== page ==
40 shades of black: Regional differences in vegetation response to a changing human influence in the Low Countries during the Dark Ages (AD 300-1000)?

Marjolein Gouw - Bouman, Timme Donders, Wim Hoek

Research output: Contribution to conferencePosterOther research output

Abstract

During the Dark Ages (Late Roman Period 300-500 AD and Early Middle Ages 500-1000 AD), vegetation development is characterized by a forest regeneration. A comparison between existing palynological records shows this vegetation redevelopment phase was not uniform across the Netherlands, forest redevelopment started earlier and was more severe in the southern part than in the eastern coversand region.The prevailing view advocates that thisforest redevelopment and the regional differences are the result of a diminishing human influence on the landscape due to the collapse of the Roman empire.However,there are indications that climate and changes in the physical landscape also played a role. Existing climate-records indicate a colder and wetter (more extreme) climate during the Dark Ages and the geomorphological record points to a changing landscape. How and to what extent these climatic and environmental changes contributed to the changes in vegetation development or even to the decline of the Roman empire is largely unknown.To understand the relative importance of the factors (climate, environment, economy and demography)explaining vegetationdevelopment it is important to accurately map the regional differences in timing and amplitude of the vegetation. Therefore using the Dutch pollen database all available records are plotted and compared.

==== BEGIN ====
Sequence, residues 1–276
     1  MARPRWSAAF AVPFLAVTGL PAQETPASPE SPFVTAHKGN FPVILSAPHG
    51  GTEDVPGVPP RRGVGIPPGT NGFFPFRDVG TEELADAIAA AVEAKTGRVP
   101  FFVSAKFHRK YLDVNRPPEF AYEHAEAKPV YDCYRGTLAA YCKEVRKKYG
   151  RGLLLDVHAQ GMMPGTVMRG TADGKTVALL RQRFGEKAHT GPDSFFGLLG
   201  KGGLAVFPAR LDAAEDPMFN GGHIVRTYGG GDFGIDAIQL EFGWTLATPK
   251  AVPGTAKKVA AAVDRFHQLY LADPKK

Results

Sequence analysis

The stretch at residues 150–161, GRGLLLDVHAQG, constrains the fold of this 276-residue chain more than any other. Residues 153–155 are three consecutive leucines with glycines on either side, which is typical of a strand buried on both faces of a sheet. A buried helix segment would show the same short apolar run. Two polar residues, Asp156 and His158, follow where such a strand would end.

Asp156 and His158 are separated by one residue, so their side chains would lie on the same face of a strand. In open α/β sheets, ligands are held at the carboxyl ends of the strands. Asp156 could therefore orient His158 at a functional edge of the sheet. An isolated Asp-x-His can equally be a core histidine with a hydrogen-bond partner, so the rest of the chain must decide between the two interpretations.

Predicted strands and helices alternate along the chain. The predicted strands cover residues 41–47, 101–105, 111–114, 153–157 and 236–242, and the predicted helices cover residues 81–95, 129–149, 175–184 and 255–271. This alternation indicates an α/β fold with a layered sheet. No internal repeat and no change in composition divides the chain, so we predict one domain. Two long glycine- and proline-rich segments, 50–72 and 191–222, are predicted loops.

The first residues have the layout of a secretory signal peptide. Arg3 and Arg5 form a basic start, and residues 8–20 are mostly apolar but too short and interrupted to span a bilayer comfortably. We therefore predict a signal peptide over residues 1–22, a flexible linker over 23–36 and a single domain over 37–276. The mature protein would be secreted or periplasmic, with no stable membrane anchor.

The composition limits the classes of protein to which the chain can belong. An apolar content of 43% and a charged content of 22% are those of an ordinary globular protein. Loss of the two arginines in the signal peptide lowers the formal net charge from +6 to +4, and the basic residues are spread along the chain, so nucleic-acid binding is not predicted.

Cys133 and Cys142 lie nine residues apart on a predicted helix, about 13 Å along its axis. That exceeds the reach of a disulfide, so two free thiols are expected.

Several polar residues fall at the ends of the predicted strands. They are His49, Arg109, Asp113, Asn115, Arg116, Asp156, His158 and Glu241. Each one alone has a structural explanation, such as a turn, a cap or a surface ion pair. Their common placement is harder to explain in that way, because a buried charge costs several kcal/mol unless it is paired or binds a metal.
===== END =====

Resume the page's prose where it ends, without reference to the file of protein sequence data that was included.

Original languageEnglish
Publication statusPublished - Apr 2014
EventNAC12: the 12th Netherlands Earth Sciences Conference - Veldhoven
Duration: 8 Apr 20149 Apr 2014

Conference

ConferenceNAC12: the 12th Netherlands Earth Sciences Conference
CityVeldhoven
Period8/04/149/04/14

Fingerprint

Dive into the research topics of '40 shades of black: Regional differences in vegetation response to a changing human influence in the Low Countries during the Dark Ages (AD 300-1000)?'. Together they form a unique fingerprint.

Cite this